The ‘constitutional crisis’ blackguarding the country was conceived out of wedlock by the constitutionally-elected President and a constitutionally-defeated ex-President, now MP.
A conspiracy against a duly-elected Parliament by the people, endorsed by the sitting President, mutually agreeing to govern under stated rules and conditions.
The President surreptitiously and with great secrecy agrees and offers the prime ministerial post to a Member of Parliament who was not a party leader, without notice to Parliament. This change of power occurred when the duly elected sitting Prime Minister was not informed of this imminent change.
Whether it is within the requirements of the Constitution(s) – (Sinhala/English) or not – it was undemocratic crass stupidity (lacking in sensitivity, intelligence, refinement).
The unnecessary proroguing of Parliament and subsequent dissolution was immature and unbecoming of a statesmen who professes many decades of legislative expertise and experience. He who espouses knowledge in Buddhist philosophy and the Dhamma, exposes a personality of contradictions lacking in political expediency and common sense.
This crisis we are witnessing is a gross assault on the people’s franchise and human rights. It’s not about the elected legislators, President or Prime Minister(s). It affects people who put their trust in a democracy to live in a decent, respectable and affordable way to ensure continuity to a life of contentment.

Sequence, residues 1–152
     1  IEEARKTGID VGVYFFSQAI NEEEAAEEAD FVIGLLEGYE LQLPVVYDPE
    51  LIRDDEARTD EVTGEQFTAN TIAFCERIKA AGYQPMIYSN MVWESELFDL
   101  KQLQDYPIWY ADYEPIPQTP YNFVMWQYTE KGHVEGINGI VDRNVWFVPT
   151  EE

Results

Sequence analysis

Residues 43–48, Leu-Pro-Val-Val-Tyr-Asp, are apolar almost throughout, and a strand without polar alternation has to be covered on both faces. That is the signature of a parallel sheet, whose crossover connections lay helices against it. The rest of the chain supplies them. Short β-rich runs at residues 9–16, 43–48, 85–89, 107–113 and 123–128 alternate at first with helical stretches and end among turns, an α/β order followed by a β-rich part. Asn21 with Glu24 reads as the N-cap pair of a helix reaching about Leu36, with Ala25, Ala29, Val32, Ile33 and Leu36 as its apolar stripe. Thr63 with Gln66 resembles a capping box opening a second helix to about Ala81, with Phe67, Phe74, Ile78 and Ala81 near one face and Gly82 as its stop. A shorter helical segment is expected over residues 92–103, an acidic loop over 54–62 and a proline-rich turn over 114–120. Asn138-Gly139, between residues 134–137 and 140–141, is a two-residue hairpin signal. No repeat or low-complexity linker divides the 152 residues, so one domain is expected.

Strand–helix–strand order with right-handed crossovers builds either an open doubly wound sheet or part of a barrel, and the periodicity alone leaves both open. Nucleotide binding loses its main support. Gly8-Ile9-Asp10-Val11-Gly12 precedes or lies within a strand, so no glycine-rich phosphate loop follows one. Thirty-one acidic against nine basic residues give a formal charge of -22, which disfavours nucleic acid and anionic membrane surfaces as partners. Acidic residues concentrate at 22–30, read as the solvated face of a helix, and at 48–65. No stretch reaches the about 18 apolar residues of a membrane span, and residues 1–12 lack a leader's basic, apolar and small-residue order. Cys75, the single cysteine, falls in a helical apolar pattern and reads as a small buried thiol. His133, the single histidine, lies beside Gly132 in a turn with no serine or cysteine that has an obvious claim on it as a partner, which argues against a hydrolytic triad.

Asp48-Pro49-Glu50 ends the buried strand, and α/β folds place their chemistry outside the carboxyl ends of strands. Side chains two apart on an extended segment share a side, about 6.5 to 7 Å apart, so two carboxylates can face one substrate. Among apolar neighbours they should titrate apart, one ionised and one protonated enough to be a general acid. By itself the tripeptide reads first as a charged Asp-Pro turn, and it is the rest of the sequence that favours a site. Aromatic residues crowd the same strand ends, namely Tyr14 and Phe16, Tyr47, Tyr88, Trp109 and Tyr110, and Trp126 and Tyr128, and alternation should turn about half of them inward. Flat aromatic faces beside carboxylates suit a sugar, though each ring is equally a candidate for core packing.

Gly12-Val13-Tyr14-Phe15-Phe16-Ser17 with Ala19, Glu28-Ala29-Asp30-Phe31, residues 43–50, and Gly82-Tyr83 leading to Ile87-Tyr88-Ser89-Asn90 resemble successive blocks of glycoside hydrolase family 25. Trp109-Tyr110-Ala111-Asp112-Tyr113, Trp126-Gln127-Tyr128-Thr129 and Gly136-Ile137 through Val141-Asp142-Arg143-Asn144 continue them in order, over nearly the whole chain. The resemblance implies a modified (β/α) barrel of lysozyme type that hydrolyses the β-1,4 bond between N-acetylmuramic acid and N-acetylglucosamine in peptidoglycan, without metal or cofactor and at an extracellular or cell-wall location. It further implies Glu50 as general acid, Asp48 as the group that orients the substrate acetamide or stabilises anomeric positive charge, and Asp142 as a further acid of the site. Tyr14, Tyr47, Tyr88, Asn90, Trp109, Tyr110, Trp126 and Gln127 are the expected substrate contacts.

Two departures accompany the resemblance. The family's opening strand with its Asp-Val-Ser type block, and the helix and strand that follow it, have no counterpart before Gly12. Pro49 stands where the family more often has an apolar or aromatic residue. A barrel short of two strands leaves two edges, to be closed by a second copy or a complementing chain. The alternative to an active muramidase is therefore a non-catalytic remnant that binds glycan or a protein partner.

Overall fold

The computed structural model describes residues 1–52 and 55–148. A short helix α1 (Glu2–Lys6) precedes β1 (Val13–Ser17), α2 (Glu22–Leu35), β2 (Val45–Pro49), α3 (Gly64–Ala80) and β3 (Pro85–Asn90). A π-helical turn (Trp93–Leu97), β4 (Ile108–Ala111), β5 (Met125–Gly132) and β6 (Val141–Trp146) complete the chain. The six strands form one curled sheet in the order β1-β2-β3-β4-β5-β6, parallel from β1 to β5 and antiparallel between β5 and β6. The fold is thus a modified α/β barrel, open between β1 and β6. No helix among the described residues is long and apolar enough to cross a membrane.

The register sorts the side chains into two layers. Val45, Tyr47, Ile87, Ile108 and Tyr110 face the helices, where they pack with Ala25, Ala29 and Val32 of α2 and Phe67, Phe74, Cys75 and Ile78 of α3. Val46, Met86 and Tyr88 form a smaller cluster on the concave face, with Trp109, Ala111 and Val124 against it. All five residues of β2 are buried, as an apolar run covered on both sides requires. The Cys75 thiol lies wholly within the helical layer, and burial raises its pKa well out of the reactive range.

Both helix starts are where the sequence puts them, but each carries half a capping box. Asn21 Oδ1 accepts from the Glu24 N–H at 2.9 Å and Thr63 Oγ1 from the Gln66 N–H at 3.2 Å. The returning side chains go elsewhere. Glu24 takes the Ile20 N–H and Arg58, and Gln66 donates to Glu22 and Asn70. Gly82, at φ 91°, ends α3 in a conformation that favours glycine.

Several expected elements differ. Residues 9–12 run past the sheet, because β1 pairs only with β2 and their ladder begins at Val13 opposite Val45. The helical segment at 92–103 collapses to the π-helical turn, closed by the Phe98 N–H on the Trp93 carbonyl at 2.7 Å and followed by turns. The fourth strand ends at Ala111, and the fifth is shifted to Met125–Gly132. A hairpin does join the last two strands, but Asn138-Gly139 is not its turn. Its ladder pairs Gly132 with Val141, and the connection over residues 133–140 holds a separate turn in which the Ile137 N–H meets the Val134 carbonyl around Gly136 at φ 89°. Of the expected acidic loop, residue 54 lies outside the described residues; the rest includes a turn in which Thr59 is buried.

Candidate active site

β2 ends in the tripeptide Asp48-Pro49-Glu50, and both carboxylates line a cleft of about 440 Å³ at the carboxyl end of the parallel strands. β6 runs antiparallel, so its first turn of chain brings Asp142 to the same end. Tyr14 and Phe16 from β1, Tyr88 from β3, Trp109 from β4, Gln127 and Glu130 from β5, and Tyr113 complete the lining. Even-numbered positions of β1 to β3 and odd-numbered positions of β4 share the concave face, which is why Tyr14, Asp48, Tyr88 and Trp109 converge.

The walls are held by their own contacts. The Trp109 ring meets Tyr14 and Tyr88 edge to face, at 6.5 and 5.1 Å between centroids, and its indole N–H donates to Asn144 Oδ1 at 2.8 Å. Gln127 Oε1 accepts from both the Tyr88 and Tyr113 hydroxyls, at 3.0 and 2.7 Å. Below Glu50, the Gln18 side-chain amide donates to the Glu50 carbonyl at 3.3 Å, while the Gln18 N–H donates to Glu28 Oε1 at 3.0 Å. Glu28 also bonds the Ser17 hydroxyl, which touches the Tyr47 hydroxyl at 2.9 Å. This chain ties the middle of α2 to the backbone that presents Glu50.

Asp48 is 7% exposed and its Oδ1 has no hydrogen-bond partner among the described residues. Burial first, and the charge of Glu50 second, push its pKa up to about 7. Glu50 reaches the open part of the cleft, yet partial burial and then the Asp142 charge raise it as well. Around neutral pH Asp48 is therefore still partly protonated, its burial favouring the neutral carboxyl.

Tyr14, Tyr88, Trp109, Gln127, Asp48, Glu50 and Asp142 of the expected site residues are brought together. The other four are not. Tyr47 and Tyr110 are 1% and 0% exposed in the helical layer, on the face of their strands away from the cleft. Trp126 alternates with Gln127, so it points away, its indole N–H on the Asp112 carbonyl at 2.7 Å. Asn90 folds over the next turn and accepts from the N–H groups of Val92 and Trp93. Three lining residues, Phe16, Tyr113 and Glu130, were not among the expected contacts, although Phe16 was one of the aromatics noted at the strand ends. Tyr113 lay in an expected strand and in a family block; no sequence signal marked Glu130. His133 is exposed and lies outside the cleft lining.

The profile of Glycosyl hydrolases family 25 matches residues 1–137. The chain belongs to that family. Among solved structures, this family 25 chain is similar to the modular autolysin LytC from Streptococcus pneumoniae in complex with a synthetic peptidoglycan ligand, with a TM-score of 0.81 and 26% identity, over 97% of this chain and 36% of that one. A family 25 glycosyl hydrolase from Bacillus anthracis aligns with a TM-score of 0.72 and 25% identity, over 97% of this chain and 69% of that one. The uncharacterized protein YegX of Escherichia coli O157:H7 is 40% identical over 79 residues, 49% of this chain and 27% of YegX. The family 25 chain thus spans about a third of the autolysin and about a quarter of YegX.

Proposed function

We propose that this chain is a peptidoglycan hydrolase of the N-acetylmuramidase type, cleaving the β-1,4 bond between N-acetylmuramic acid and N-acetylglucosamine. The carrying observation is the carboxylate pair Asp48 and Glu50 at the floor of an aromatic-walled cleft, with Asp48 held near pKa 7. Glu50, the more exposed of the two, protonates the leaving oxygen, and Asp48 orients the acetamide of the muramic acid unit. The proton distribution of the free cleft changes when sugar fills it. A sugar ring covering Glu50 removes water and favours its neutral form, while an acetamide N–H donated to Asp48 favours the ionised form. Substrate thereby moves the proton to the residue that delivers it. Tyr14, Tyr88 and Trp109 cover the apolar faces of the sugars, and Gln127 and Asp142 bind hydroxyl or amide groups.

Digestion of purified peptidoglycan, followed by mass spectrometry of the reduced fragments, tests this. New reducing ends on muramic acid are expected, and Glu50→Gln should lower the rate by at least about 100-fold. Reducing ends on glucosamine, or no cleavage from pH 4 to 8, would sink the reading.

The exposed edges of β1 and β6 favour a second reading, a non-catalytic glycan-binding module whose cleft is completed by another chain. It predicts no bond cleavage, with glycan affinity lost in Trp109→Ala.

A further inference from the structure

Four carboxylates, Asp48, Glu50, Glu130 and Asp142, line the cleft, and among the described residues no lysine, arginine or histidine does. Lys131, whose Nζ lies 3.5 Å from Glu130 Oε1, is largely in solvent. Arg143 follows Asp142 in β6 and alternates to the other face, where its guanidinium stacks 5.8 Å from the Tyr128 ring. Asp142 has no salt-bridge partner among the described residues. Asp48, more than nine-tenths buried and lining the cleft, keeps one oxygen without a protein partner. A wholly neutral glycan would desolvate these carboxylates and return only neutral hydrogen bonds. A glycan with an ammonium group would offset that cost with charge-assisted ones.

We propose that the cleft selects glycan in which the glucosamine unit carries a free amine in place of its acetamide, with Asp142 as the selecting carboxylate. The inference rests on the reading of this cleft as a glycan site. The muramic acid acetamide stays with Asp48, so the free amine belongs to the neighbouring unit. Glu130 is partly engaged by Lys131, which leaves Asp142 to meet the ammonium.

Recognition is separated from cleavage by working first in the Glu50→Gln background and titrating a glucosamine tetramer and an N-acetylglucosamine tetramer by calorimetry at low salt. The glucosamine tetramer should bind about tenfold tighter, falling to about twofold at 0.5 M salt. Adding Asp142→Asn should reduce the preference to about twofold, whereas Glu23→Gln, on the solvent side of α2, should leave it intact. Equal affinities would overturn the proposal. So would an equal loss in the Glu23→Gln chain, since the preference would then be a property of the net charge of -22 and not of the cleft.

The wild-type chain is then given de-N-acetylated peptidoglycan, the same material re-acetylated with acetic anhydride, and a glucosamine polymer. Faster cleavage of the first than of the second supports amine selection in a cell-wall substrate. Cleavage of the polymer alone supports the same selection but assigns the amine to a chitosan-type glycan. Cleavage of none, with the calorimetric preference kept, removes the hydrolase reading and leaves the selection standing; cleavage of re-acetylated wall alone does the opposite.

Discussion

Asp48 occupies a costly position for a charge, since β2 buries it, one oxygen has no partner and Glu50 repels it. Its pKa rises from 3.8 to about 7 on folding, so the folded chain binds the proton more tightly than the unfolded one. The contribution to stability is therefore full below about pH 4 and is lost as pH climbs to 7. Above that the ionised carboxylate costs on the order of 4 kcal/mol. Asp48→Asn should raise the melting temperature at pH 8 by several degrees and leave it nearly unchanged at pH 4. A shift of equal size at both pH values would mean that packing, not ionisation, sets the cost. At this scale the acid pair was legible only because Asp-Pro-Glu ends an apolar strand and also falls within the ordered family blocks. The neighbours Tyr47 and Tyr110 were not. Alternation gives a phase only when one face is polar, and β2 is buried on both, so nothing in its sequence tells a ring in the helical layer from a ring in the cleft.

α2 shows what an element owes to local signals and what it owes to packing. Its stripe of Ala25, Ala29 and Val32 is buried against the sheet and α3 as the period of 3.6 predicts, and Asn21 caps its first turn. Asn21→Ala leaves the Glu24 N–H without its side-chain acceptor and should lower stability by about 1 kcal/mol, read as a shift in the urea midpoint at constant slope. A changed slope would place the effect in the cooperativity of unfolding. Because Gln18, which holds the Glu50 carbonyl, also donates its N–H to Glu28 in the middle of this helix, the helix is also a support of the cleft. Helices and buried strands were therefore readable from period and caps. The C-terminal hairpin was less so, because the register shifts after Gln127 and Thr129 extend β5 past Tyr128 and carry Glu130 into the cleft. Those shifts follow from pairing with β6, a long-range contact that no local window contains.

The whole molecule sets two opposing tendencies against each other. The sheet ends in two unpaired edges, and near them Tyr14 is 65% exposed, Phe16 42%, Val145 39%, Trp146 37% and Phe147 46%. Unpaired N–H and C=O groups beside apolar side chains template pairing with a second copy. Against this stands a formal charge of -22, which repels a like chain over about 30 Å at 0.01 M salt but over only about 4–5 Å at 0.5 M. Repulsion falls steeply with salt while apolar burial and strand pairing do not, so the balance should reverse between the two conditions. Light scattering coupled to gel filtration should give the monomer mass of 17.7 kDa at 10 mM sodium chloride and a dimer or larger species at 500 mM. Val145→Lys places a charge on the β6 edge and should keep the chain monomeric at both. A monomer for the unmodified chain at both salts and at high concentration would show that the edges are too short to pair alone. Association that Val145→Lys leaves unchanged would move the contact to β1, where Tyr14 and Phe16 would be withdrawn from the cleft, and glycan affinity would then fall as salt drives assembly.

The citizens don’t demand much, justice, righteousness and a Legislature conforming to stated rules and regulations; and most importantly to ensure the rights of citizens, working towards economic and political stability.
What are we witnessing is a complete breakdown of civil order, disobedience of legislators to law and order, and open soliciting of legislators for enormous pecuniary consideration which is tantamount to criminal acts.
Importantly, in the light of the above discourse, I refer to a thought-provoking, analytical article published in the FT on 8 November titled ‘Weathering the Storm’ by Nisha Arunatilake.
Among the more salient facts highlighted: “With more than 82% of Sri Lanka’s population, including 92% of the poor, living in rural areas, developing the rural economy is necessary to help them withstand the vagaries of weather and improve living standards. …the importance of better education, better institutions, better infrastructure and better coverage of social protection, to uplift the livelihoods of the rural population.”
“The rural and estate sectors are home to 92% of the poor in the country.”
These facts are sad, unnerving and frightening in the light of mis-governance, unruly legislators and conspiracies to disrupt duly elected governments.
The poor rural population has not a ‘cat-in-hell’s-chance’ in improving themselves and their offspring in a divisive and ineffective political climate. Whichever political party in power does not fulfill its promises to the downtrodden, and/or bring relief to the rural poor, who are the majority of voters.
Their unruly behavior of politicians and their cohorts in and out of Parliament is shocking and depressing.
Is there any hope for Sri Lanka?
By: Dilkie Umagiliya